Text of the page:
Why we should care about the commercialisation of Christmas
Elvin Foong // December 3, 2018, 10:24 pm
The National Council of Churches (NCCS) sent a letter to the Singapore Tourism Board (STB) on November 23, 2018, expressing concern that the exclusive focus on Disney characters for this year’s Orchard Road Christmas light-up had no meaningful connection to the birth of Jesus Christ.
“The original meaning of Christmas has been effectively buried under the thick layer of this extensive and sophisticated brand promotion exercise,” the NCCS wrote in the letter.
I’m sure a bunch of us couldn’t help but think: Here we go again. Why do Christians find pleasure in imposing their own beliefs on the rest of the world? And why do we care if Orchard Road is being lit up with Elsas and Buzz Lightyears?
Yeah it’s fluff, but at least it’s family-friendly fluff.
I mean, it’s Orchard Road we’re talking about. Do we really expect the Orchard Road Business Association (ORBA) to put up nativities every 50 meters? And shouldn’t we just save our words for the bigger issues circling our nation?
Here’s the thing though. I’m beginning to think that the NCSS wasn’t exactly making an unfounded fuss about the increasing secularisation and commercialisation of Christmas. Here’s why.
The Treasure Box, a company my wife and I set up to help other young parents build faith at home, recently launched an art competition where we called for submissions from kids aged 5 to 9 on the theme: “What Christmas means to me”.
We received more than 260 entries from children in Singapore and JB – many of them from church and faith-based kindergartens.
Now, you’d think that given the background of these kids, we’d receive a whole ton of nativity drawings, right?
Out of all the submissions, only about 15% featured the birth of Jesus or something otherwise related to the story of Christmas (e.g. Wise Men, Angels, Shepherds etc). The rest were a cornucopia of everything and anything but – plenty of Santas, reindeer, Christmas trees, candy canes, presents, families eating Christmas food and so on.
Out of all the submissions, only about 15% featured the birth of Jesus or something otherwise related to the story of Christmas.
It might seem shocking, but the truth is we shouldn’t be surprised. When I was a kid, I remember walking down Orchard Road with my parents – not just to see the light up, but to listen to and watch the many dramatized performances put up by churches and Christian groups along the street.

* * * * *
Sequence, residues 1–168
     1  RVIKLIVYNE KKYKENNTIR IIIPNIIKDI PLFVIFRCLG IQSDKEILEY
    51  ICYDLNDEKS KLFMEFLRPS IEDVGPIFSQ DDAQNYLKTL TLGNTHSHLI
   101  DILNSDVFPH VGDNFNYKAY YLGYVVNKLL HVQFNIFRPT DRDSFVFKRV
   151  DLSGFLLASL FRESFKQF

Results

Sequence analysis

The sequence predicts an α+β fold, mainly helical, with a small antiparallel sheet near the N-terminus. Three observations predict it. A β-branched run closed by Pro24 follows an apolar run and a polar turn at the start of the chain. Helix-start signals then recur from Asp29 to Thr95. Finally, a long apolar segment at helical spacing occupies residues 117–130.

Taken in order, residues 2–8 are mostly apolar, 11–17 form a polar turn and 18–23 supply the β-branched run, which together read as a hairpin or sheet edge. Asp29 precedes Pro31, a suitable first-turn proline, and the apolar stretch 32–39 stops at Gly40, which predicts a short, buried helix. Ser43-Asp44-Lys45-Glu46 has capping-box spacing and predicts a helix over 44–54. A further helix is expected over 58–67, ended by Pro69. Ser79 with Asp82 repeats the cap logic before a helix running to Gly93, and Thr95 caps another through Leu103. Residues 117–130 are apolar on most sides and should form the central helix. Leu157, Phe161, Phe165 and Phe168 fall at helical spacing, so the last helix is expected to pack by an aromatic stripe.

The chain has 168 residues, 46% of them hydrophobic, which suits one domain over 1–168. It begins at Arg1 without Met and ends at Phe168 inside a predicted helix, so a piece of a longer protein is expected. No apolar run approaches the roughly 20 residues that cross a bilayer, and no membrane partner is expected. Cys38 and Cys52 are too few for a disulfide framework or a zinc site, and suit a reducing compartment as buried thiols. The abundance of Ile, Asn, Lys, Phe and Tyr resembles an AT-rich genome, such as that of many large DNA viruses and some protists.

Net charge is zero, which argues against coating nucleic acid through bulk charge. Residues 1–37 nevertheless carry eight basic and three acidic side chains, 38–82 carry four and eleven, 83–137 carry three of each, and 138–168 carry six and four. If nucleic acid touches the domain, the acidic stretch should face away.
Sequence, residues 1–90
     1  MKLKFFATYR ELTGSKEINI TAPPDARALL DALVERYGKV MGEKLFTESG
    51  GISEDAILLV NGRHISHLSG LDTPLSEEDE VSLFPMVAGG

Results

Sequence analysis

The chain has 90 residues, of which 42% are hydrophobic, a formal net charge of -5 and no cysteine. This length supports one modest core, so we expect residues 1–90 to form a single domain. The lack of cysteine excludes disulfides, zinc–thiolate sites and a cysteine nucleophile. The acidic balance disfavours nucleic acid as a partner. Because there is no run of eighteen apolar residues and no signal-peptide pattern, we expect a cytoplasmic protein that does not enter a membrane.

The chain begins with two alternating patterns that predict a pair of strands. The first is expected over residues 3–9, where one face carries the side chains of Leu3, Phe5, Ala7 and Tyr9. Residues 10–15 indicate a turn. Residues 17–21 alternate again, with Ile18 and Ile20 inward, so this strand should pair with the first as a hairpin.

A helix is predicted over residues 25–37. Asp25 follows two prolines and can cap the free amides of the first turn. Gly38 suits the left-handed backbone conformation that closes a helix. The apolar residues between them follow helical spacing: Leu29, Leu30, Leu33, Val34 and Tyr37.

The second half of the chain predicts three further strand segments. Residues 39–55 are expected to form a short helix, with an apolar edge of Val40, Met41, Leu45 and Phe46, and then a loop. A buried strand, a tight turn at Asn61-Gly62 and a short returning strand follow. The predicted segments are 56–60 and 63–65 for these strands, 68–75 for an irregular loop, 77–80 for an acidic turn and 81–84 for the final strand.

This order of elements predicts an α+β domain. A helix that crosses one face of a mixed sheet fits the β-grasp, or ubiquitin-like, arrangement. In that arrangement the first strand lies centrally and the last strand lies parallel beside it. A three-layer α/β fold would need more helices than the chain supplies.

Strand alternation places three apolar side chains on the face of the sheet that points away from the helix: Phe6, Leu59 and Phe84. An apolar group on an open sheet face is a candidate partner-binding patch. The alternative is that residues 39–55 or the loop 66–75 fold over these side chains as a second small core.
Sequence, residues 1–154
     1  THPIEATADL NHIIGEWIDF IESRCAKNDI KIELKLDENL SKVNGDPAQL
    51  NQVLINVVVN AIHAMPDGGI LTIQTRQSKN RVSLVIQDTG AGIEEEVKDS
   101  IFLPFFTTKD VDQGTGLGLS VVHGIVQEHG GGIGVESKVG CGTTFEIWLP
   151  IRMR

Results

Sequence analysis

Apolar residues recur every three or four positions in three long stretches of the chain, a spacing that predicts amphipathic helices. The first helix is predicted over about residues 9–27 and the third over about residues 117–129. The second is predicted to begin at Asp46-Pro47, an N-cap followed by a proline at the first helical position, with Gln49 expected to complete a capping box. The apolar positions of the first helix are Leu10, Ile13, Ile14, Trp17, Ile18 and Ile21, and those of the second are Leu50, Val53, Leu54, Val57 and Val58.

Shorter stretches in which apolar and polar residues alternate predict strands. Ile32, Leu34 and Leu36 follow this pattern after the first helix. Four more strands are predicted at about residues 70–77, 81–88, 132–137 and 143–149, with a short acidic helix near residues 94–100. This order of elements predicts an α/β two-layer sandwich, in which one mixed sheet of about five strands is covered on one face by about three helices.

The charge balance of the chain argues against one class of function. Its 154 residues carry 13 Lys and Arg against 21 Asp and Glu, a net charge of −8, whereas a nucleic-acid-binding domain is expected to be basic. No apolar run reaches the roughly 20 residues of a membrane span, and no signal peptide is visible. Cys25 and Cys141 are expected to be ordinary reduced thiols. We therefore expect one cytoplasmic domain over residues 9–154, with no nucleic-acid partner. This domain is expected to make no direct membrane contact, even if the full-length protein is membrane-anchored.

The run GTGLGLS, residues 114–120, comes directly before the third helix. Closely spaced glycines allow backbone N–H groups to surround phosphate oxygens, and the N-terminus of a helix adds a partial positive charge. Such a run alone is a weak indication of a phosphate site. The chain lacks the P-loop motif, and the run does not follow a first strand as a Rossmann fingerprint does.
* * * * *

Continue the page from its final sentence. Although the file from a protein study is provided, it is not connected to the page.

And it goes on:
It was irresistibly festive, and yet unmistakably Christian. But no one seemed to mind. Pictures of the nativity adorned the front of shopping centres, right next to “SALE” signages. Somehow, Christianity and Commerce co-existed, and neither seemed to bother the other.
Just take a look around your neighbourhood malls today. Is there any reference to Christmas being about Jesus’ birth? Or are there Pokemon hanging from the ceiling? Do people even say “Christmas” anymore – or is it just “Happy Holidays” now?
Are there cartoon and fantasy characters on shopfronts? Are we seeing the last of Bible verses proclaiming glory to God in the highest, and on earth peace, goodwill to men? (Luke 2:14)
When the vast majority of the next generation – even those with access to Christian community – do not truly understand the meaning of Christmas, I think it’s time to sit up and take notice.
And it’s not that our churches and children’s ministries don’t do a good job of telling kids about the true significance of why we celebrate Christmas. I think they do.
It’s just that the world does a better, louder, more entertaining, more eye-catching, more attention-grabbing job of peddling their version of Christmas. And we’re all buying it.
What do we do then? How can we reverse the situation? Do we sign an online petition asking for Orchard Road to take down the Disney lights? Do we get into arguments with trolls in the comments sections on Facebook?
The world does a better, louder, more entertaining, more eye-catching, more attention-grabbing job of peddling their version of Christmas. And we’re all buying it.
It’s not that complicated. We just have to be more intentional about telling our friends, our nephews and nieces, and the kids in Sunday School about the real meaning of Christmas. And don’t wait till Christmas to do it. Start now.
Don’t be afraid to take the time to walk those who’ve never heard the real Christmas story through the scene where the Angel Gabriel appears to Mary and announces that she will be the mother of the Son of God (Luke 1:26-38).
Stand with them on the hillside as the heavenly host glorifies God before a terrified group of shepherds. And let them feel the hushed awe that fell over the little town of Bethlehem the night Wonderful, Counsellor, The Mighty God, The Everlasting Father, The Prince of Peace was born (Luke 2:8-20).
As Christians, we should care that Christmas is depicted as simply a season for gift-giving (i.e. spending your year-end bonus) rather than the celebration of our Saviour’s birth. So let’s make this Christmas, and every Christmas memorable for ourselves and our young friends.
Help people, especially the little ones in our care, experience the wonder of Christmas, the way it was meant to be experienced.
The Treasure Box has produced a hardcover, bilingual storybook telling the Christmas story using 30 of the 260 submitted art pieces. Called “圣诞节的故事 The Christmas Story”, this book was drawn by children and presents the Good News of the Saviour’s birth in simple, clear, and easy-to-understand language.
The book is now available for purchase at their website and is priced at $14 (UP: $16) for a limited time only. For orders of 10 or more copies, an additional discount of $2 per copy will be applied. In addition, part of the proceeds will go towards supporting the operational costs of Beyond Awesome, a local VWO working with low-resource families and underprivileged kids in Singapore.